I wish you could see the images more closely, for this altar celebrates the mystery of life, the deep, dark areas within the psyche where things are created, die, and are transformed. A pottery figurine on the right symbolizes death of whatever kind, for without death there is no transformation or space for new ideas. A black stone celebrates Sacred. Various carved Indian fetishes associated with creativity and transformation are here, such as a snake, a black owl, some crows and a fox, all of which have meaning for me. A crone or wise woman sits in front of the plate. A spirit rattle is to the left of the spiral plate. The beautiful and honored civet skin on the plate is an example of transformation. The poor animal died for no good reason other than for someone to have the pelt. After some thought I chose to give it a place of honor and recognition for its sacrifice and the sacrifices of many animals throughout history, and as a reminder that the civet, a type of animal that someone said makes a skunk smell like perfume, commands respect. It reminds me to live in such a way as to command respect for my life. Also on this table are black feathers, a little figurine I made of the Black Madonna, a bowl containing fairy dust and "fairy wings" I have collected from time to time. If you visit me I will show you some, if you have the right attitude. On the right rear, a hand-made pink pottery bowl called "flight of the spirit" contains some Anasazi shards gathered back in the nineteen twenties by a couple before such sites were protected. They had them for years, and Charlie sent them to me because he knew I would give them a place of honor. They represent all the ancient ones and our ancestors. On the wall above the altar is a plaque honoring the story of Persephone and Demeter, a gift from a friend, and a crone mask I made, plus a deer skull found on the place. Above all this is a striking print of Persephone by Susan Boulet done in red, with tears running from her eyes. This represents the pain of psychological and spiritual development and honors all the tears shed by all women throughout history.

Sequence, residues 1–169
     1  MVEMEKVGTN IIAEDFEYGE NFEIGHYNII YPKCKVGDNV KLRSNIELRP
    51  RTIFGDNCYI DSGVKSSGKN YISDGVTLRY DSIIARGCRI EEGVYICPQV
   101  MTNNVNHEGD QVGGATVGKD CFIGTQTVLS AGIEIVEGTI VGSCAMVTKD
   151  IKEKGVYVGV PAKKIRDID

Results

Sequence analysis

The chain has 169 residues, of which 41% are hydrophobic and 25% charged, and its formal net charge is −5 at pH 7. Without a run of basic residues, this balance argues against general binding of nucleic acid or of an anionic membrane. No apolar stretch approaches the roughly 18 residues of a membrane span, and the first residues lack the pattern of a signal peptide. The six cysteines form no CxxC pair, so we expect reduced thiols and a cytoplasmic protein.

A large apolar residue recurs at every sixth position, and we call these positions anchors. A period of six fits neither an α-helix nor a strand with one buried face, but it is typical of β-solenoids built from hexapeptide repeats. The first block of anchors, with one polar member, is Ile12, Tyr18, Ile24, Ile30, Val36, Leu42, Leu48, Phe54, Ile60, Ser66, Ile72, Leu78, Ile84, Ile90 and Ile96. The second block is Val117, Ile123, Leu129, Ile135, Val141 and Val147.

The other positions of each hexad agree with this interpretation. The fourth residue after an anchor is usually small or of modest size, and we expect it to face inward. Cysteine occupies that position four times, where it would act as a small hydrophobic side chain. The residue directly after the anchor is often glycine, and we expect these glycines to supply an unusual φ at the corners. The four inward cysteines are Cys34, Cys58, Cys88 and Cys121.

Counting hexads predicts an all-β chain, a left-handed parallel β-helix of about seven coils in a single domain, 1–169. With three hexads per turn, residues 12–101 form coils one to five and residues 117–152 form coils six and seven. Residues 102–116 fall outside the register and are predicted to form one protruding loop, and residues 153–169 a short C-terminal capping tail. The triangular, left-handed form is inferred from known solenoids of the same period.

Other meaningful things for me are my celebration music makers,
and a close-up of my journey rattle, a lovely leather-covered rattle with a colorful spiral painted on it, symbol of my ever-renewing life-journey.
The wonderful thing about altars is they can be a single image or corner of a room or they can be as elaborate as one wishes. In a way the entire cosmos is our altar, certainly grand enough to call forth wonder, a sense of well-being and a sense of the holy and thankfulness.
Now, go make another altar in your sacred space!
Later: Someone rightly took me to task because I failed to show the symbol of the Guardian of the Portal to my Sacred Space. She is the Moon Fairy, extending her star-tipped wand toward the fairy moon. One must be careful not to slight fey creatures, you know. Here is her symbol, beautifully stitched by my daughter-in-law, Tresa:
Last revised: November 26, 2010